Horace George Martin Weber

Horace George Martin Weber was born probably on 9 May 1887 at Parkside, Adelaide, fourth of eight children of Albert George Conrad Weber, music teacher and piano mechanic, and his wife Sophie Lydia, née Peryman, singer. Horace was educated at St Cyprian's Day School and Pulteney Street School. Encouraged by his parents and taught by his father, he learned the piano and organ. He was a chorister at St Peter's Cathedral (1898-1903) and assistant organist (1899). In 1905-06 he studied piano at the Elder Conservatorium.

Appointed in 1909 organist and choirmaster at St John's Cathedral, Napier, New Zealand, on 3 April 1911 Weber married Adelaide-born Annie May Shakeshaft at St Thomas's Anglican Church, Wellington. Returning to Australia, he was organist at the North Adelaide Baptist Church in 1913-17.

Now recognized as a leading concert organist, he gave many recitals in churches and at the Adelaide Town Hall. In 1919 he was given a three-year contract at the Grand Theatre, Adelaide, playing the newly installed Wurlitzer Duplex for silent films.

Weber played the organ in many theatres in New South Wales, Western Australia and Victoria—his last engagement was at Melbourne's Regent and Plaza theatres in 1948-49 - but his years (1924-29, 1933-34 and 1938-44) at Australia's first full-scale 3m/15r Wurlitzer at the new Capitol Theatre, Melbourne, were the highlight of his career. The opening night (8 November 1924) featured the film, The Ten Commandments, a large orchestra and Weber as 'master organist'.

In 1963 when the Capitol closed its organ, he was principal recitalist, his performance still brilliant and whimsical. The Dendy Theatre, Brighton, bought the organ and in 1967 Weber re-opened it. His repertoire was always varied, from classical (Bach, Reger, Widor) to hymns, hit parade songs and his signature tune, Look for the Silver Lining.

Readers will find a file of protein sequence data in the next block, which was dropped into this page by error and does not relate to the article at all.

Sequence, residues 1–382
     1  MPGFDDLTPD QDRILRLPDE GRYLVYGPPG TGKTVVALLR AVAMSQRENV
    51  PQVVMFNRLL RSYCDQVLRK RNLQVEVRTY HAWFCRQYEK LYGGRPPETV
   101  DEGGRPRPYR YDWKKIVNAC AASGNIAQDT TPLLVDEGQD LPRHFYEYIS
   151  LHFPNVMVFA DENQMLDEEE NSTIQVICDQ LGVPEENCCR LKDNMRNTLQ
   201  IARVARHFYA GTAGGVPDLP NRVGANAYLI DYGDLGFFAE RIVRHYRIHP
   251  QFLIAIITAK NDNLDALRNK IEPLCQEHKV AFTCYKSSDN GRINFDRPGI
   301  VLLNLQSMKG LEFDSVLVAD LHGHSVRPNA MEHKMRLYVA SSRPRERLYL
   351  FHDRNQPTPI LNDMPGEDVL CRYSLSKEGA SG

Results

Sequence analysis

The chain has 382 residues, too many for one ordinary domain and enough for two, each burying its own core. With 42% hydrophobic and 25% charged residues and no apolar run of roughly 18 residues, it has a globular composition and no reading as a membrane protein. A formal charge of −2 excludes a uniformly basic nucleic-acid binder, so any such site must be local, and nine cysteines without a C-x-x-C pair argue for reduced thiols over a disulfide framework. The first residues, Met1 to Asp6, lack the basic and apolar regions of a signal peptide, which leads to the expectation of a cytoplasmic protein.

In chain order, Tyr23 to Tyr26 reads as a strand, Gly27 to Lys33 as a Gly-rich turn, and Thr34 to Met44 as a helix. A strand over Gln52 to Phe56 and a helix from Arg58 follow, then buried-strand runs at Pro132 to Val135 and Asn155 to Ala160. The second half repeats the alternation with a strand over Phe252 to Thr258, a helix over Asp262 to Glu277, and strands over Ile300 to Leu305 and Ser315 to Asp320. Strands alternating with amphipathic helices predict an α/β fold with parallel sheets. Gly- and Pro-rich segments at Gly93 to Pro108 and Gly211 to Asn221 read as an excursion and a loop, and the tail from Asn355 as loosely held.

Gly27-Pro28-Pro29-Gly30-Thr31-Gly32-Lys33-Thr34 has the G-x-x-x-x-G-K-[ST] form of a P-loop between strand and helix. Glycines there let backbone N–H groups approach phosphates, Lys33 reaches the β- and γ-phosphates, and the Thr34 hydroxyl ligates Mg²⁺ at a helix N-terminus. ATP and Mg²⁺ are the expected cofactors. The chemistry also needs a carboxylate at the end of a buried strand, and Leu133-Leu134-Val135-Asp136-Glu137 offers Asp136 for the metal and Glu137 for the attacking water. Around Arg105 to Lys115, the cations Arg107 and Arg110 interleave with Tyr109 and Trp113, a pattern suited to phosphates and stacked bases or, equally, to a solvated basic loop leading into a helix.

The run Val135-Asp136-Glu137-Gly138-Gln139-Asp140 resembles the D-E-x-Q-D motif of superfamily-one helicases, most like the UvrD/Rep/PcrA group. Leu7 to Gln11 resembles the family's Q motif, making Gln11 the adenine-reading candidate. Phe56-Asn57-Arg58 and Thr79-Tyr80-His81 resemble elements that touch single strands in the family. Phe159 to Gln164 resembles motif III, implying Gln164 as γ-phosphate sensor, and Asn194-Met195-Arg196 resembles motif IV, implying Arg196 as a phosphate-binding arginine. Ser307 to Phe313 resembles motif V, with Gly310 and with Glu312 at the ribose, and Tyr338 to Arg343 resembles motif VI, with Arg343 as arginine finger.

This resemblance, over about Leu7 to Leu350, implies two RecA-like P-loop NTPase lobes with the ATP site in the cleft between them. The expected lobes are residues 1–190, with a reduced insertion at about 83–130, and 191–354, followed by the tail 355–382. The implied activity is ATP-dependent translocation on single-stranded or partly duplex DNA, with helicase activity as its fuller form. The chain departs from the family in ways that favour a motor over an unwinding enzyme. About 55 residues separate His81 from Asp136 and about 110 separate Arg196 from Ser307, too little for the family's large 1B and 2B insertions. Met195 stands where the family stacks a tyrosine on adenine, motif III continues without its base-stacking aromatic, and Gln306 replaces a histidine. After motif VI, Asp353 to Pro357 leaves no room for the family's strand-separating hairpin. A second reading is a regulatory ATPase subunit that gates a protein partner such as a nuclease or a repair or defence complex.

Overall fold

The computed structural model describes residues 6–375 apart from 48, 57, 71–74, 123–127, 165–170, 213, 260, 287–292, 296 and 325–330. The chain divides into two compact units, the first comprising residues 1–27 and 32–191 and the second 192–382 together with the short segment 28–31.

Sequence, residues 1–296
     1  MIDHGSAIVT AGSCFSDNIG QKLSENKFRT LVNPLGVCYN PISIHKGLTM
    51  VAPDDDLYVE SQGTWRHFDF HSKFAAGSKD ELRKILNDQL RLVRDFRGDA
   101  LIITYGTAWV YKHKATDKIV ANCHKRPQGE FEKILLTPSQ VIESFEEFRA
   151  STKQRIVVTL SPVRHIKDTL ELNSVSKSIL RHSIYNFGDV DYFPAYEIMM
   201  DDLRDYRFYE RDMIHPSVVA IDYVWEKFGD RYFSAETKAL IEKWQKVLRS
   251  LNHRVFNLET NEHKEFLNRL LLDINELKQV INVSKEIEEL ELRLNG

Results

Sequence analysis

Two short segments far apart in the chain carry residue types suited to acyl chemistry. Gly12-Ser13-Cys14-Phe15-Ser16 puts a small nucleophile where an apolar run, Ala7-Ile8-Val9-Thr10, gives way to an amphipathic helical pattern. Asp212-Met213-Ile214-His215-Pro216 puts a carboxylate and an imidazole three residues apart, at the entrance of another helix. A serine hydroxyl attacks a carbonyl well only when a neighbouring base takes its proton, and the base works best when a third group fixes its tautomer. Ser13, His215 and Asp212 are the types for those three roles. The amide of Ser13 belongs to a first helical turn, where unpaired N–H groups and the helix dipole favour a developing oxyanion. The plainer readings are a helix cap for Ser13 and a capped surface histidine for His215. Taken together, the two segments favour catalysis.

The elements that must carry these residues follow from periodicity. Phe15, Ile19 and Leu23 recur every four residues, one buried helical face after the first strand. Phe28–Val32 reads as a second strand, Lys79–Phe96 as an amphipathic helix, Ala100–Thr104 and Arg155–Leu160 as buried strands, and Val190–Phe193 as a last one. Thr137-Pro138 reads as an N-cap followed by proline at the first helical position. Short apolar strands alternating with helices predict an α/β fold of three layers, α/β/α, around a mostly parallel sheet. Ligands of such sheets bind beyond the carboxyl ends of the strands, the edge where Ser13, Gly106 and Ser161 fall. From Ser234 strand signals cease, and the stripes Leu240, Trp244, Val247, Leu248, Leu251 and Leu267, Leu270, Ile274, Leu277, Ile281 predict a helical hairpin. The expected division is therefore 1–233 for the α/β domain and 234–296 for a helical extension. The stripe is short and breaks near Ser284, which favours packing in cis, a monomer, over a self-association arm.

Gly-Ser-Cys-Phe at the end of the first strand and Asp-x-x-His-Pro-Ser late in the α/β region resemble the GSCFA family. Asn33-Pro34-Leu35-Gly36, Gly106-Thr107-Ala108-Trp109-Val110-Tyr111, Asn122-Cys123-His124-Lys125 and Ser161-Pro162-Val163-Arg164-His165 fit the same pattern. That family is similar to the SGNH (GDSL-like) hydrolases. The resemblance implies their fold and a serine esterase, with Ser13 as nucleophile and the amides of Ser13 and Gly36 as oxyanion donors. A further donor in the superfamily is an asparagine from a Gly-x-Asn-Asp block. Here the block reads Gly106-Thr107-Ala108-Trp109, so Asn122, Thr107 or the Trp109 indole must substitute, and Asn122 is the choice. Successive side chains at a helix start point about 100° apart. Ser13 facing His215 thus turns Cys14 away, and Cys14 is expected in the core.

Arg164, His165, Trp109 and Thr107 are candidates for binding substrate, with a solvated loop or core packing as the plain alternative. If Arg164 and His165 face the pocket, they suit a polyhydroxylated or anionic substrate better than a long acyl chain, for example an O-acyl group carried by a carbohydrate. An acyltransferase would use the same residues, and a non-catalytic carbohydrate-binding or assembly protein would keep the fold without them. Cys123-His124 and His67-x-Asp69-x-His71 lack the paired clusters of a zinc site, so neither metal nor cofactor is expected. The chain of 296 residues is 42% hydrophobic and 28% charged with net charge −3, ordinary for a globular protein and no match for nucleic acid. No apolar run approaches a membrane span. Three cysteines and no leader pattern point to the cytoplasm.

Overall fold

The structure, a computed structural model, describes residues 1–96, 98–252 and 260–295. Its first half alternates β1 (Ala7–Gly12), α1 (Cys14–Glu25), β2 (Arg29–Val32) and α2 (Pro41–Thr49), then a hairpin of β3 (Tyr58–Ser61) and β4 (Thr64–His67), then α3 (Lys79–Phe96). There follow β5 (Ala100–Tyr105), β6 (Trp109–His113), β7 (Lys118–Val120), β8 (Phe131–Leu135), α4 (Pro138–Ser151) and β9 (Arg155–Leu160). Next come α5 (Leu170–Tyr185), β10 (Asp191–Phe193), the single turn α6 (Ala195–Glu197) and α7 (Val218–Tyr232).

As a teacher of classical and theatre organ, he excelled. In the late 1920s 'talkies' had reduced the importance of theatre organists who subsequently only provided entertainment before and between films. Intermittent and enforced idleness was probably a contributing factor to Weber becoming alcohol-dependent and unemployed. In private life he experienced tragedies. His wife had died in childbirth in 1921, leaving him with three small children, one of whom died in 1923. On 17 October 1927 at St Mark's Anglican Church, Fitzroy, he married Welsh-born Gladys May Sylvester; they had three children, of whom one died in 1928. Weber and his wife separated in 1946.

'Down and out', he lived at Gordon House (a refuge for homeless men) in Bourke Street, Melbourne. In 1949 Rev. Wesley Bligh of the Armadale Baptist Church befriended Weber and encouraged him to become his organist and choirmaster. Respected by the congregation and choristers, and applauded for his recitals and broadcasts, he at last enjoyed years of peace.

A tall, erect, courteous and private man, with twinkling blue eyes and 'elf-like humour', Weber 'brought the skill of the classical organist into the world of popular entertainment'. Predeceased by his wife, and survived by the two sons of his first marriage and by a son and daughter of his second, he died on 4 October 1968 at Fitzroy and was cremated.

In 1987 the Theatre Organ Society of Australia (Victorian Division) held the Horace Weber Centenary Celebration Concerts to honour its former patron.

From an article by Joyce Gibberd in the Australian Dictionary of Biography, National Centre of Biography, Australian National University,